I pray in the year to come for greater faith, to accept whatever comes my way. This is not an easy prayer, even for someone who went to a small, liberal arts Catholic school as an undergrad. To whom much is given, much is required (this is not something which I naturally consider). I also pray not to resent those around me or the services I perform for them. For the last six years, I have changed my cousin’s bandages, and I hope to be more like Jesus in washing others’ feet, without expecting accolades for my service. I also pray not to be embarrassed by my circumstances, by the fragility of the life I have constructed. Anne Lamott has written a new book: “Help Thanks Wow: The Three Essential Prayers.” She comes from a place of gratitude, but doesn’t whitewash her struggles, most especially her struggle to be grateful.

Please, Lord, make me more grateful this coming year, and maybe just a little neater and organized, and maybe more creative as well, but if you can only make me grateful for my blessings, so be it.

Perks of Being a Wallflower

It’s somewhat rare for a novelist to direct and bring his novel to the screen, but with the film “Perks of Being a Wallflower,” Stephen Chbosky does both, and succeeds brilliantly. I’ve just ordered the book; it’s that great a story. The main character Charlie, played by Logan Lerman, is an outcast as he tries, sometimes better, sometimes worse, to manage his mental illness. Charlie makes friends with his English teacher who gives him seminal works of fiction to read and discuss, but Charlie is not happy with his one friend, simply because his only friend is a teacher and not a fellow student. Charlie is slow in learning the lingo that would help him fit in, but two seniors, Sam and Patrick, Emma Watson and Ezra Miller, befriend him, and his world opens up quite suddenly and dramatically. It is a story jam-packed with teen angst and crushes, yet the movie is careful not to wallow in a mode of alienation. Charlie’s life becomes a lot more complicated with his new friends, but he finally finds happiness of a sort. One of the characters at one point says directly, “Don’t make yourself small.” The message: we accept the love we think we deserve.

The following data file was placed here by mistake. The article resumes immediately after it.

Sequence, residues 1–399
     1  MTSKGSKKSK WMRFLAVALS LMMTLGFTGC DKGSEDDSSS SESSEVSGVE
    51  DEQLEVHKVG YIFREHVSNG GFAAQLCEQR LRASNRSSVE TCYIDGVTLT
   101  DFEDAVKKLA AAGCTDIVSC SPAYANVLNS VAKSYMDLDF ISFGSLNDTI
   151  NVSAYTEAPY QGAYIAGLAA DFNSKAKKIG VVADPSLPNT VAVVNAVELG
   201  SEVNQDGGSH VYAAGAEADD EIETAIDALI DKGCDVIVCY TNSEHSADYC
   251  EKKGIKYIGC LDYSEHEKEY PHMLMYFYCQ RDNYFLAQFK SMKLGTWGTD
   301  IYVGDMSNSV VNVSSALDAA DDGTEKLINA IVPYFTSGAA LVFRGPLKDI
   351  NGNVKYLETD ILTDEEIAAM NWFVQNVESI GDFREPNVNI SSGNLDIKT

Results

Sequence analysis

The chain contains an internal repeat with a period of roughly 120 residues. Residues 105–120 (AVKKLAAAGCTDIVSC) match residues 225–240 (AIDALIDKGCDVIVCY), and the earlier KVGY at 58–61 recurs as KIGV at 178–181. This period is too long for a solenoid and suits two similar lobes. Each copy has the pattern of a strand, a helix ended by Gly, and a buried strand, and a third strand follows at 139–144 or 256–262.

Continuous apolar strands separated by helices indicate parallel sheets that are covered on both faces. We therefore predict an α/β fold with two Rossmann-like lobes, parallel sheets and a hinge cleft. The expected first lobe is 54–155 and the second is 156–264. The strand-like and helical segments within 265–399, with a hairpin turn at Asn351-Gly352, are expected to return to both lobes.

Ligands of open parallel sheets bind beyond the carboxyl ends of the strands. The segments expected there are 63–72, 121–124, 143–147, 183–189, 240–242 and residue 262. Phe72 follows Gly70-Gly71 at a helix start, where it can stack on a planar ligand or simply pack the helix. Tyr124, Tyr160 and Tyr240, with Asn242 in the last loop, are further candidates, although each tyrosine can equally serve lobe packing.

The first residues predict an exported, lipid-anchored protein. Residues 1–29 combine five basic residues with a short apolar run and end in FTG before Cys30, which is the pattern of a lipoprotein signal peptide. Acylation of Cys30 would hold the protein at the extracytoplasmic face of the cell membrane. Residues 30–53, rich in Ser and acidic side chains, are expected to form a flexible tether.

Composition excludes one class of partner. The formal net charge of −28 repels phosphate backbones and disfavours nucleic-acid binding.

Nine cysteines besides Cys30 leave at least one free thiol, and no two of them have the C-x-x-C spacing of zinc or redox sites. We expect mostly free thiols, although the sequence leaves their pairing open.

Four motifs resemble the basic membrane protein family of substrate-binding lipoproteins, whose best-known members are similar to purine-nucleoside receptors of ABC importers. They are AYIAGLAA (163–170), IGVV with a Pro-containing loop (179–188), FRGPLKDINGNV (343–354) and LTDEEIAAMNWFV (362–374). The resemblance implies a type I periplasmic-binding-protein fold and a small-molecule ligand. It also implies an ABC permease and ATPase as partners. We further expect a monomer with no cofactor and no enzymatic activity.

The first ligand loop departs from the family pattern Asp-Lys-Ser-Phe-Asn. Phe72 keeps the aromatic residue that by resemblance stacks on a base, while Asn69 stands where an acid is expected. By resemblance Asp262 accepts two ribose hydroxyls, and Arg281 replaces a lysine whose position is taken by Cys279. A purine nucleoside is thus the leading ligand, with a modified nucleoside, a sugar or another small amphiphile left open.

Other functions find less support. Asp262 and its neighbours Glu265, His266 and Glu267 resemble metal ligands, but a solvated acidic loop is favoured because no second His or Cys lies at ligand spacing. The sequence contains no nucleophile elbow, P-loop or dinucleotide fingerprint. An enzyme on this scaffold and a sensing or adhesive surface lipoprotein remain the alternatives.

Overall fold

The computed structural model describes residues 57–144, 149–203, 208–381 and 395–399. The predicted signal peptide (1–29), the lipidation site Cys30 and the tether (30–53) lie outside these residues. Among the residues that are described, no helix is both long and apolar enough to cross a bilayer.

The characters attempt to navigate and float above the murky waters of adolescence. Patrick gets into a gay relationship with the captain of the football team, and things start to go badly because their two worlds are so far apart. In frustration, Patrick announces, “My life is officially an after-school special.” Basically, the movie reinforces the notion that we all just want to be loved. The implicit thought asks the question as to why we pick people who treat us as if we don’t matter.